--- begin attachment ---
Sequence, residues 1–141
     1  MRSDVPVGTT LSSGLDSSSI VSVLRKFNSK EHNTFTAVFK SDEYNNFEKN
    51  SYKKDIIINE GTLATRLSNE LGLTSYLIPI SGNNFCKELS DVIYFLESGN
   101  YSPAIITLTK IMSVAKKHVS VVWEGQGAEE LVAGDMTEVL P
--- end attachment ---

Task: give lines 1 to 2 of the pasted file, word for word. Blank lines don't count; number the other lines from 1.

Sequence, residues 1–141
     1  MRSDVPVGTT LSSGLDSSSI VSVLRKFNSK EHNTFTAVFK SDEYNNFEKN